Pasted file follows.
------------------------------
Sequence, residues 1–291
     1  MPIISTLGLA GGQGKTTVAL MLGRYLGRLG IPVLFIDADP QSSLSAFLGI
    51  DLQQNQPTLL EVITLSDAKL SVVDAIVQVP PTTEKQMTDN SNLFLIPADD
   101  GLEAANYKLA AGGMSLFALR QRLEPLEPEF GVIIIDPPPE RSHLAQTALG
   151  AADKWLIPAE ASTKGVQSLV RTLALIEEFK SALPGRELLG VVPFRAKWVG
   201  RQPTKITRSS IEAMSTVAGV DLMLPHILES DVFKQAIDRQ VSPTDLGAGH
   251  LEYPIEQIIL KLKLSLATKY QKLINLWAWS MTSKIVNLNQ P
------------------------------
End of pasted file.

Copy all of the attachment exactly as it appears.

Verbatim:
Sequence, residues 1–291
     1  MPIISTLGLA GGQGKTTVAL MLGRYLGRLG IPVLFIDADP QSSLSAFLGI
    51  DLQQNQPTLL EVITLSDAKL SVVDAIVQVP PTTEKQMTDN SNLFLIPADD
   101  GLEAANYKLA AGGMSLFALR QRLEPLEPEF GVIIIDPPPE RSHLAQTALG
   151  AADKWLIPAE ASTKGVQSLV RTLALIEEFK SALPGRELLG VVPFRAKWVG
   201  RQPTKITRSS IEAMSTVAGV DLMLPHILES DVFKQAIDRQ VSPTDLGAGH
   251  LEYPIEQIIL KLKLSLATKY QKLINLWAWS MTSKIVNLNQ P